‘Tis Almost Time to Plant Lettuce
There are two times of year that are the best times to plant lettuce and other greens: the first is in early spring, and the second is in late summer. Many gardeners miss this end-of-the-season chance to plant lettuce and harvest a fall crop. But I’ll tell you, it is an opportunity that should not be missed. Lettuces such as butterhead, loose-leaf, and romaine grow very well when planted during the last week of August. In fact, I am convinced that the sweetest and most tender lettuce leaves I have ever harvested have come from my fall crop.
By this time of year, I have been harvesting quite a bit of lettuce throughout the season. I use the “cut and come again” method of harvesting lettuce, which means that I pick only the outer leaves, and therefore can harvest again from the same plant in just a few days. Alternately, when you pick lettuce, you can harvest a plant only once by cutting off the entire head at the ground. Regardless of which harvesting method you use, lettuce is a great crop to plant because you can harvest a great deal before the plants go to seed, (which, with lettuce and spinach, is known as bolting.)
My favorite lettuce varieties are… drumroll please…
Over the years, I have experimented with a number of different head and loose-leaf varieties of lettuce and salad greens. My personal favorites are the Red Salad Bowl Lettuce, a wonderful deep-lobed bronze loose-leaf lettuce, and Susan’s Red Bibb Lettuce, a curly red and green loose-leaf lettuce with a very mild flavor. Both of these varieties are heirloom lettuces that I received in my Survival Seed Bank. In addition to being quite tasty, a plus is that they are not as delicate and fragile as many lettuces, and they are slow to bolt, therefore they produce a large number of crisp leaves every season.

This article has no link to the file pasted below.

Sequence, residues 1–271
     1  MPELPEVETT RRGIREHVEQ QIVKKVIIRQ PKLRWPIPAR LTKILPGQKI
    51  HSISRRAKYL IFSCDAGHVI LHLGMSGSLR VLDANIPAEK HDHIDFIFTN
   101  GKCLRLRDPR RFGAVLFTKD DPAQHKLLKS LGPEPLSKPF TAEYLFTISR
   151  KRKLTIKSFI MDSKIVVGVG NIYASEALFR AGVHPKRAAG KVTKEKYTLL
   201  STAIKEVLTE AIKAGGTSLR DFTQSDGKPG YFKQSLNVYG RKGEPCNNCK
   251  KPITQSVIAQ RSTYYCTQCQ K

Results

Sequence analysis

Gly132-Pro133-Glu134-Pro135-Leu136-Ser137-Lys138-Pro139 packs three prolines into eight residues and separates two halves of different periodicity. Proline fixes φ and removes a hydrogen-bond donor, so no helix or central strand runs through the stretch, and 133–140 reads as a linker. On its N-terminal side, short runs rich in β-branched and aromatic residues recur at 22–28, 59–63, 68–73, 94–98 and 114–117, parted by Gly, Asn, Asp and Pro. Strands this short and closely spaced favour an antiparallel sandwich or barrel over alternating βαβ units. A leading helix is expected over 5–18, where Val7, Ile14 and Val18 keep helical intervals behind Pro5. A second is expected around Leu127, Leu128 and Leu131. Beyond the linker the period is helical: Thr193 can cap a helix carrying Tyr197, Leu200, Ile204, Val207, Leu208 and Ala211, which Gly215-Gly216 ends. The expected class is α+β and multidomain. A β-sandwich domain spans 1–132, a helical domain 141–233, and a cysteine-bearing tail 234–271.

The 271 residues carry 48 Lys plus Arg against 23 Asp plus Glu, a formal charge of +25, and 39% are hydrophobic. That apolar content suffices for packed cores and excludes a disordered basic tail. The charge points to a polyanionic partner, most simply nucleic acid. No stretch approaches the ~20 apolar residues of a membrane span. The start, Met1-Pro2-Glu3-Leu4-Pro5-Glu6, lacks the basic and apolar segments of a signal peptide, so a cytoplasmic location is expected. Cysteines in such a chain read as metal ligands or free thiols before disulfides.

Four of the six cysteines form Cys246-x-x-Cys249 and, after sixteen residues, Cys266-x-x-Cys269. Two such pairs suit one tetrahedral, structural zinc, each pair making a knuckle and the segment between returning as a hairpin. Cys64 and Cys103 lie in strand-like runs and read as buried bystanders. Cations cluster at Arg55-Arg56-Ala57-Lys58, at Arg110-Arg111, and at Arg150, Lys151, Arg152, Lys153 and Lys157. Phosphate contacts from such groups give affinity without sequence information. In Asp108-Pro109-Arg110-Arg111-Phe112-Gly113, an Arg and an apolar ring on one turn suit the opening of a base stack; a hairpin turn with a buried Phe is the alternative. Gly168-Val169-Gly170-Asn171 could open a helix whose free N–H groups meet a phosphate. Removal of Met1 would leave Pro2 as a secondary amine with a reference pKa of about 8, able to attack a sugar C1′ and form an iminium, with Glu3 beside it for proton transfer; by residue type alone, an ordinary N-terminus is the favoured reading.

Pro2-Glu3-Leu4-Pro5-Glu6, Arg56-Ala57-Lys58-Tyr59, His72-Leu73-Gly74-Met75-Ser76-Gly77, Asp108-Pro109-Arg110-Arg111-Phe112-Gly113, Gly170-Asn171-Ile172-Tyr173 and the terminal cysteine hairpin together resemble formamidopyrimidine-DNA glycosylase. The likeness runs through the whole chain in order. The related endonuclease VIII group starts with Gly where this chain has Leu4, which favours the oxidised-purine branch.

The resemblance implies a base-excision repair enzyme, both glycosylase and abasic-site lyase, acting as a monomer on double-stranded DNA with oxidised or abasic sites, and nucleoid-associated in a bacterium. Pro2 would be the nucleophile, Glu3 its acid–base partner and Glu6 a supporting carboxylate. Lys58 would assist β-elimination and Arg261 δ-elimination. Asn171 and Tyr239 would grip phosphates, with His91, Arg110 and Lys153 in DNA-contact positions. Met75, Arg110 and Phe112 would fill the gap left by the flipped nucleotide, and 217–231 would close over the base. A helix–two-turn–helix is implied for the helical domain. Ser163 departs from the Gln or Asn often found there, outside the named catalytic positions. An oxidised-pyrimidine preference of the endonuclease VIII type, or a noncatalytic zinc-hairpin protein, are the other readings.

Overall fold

In terms of lettuce, both of my favorites are rather slow to grow. They take about 50-60 days until harvest, while some types of lettuce are ready in only a couple weeks. Fortunately, this year I harvested most of my spring-planted lettuce in early July, before the grueling heat wave hit Virginia, (and the majority of the country.) Lettuce generally thrives in cooler temps, whereas temperatures in the 90s, such as those that we have been experiencing lately, cause lettuce leaves to wilt and rot. Loose-leaf lettuce does a bit better in hot weather than head lettuce varieties do. But with temps close to 100 lately, I think that even my Red Salad Bowl and Susan’s Red Bibb Lettuces wouldn’t be looking so cheery. They definitely prefer weather on the milder side. This is why I find it best to plant once in the spring, and once again at the end of summer or beginning of fall. While plenty of my crops, especially my tomatoes, love high temps and a surplus of sunlight, lettuce does not thrive in these conditions.
As you prepare to plant a late summer lettuce crop, here are a few tips to consider:
- Lettuce likes full to partial sun, and should be planted in a spot where it will be sheltered from the wind.
- Greens thrive best in raised beds. It is very important to ensure that you plant greens, any greens, in soil that drains well. If the soil is swampy, your leaves will be bitter. Before planting, prepare your soil by mixing in plenty of compost and peat moss. This will ensure that it drains well.
- Good natural fertilizers for lettuce and other greens are blood meal and bone meal.
- Do not use insecticides on greens. Their leaves are too delicate and you will just burn them out.
- Do not overcrowd your lettuce plants, otherwise the heads will be very small and will not fully develop. Make sure to follow directions on your seed packets in regards to planting. Red Salad Bowl Lettuce, when given enough room to thrive, can grow up to 16 inches wide.
- Keep your seed beds moist- do not allow them to completely dry out.
- If you experience an Indian Summer in September or October, mulch around your lettuce seedlings to help keep them cool.
- If there is danger of frost on a cool autumn night, protect your lettuce plants with a plastic tent, or a plastic milk jug with the bottom cut off over each individual seedling.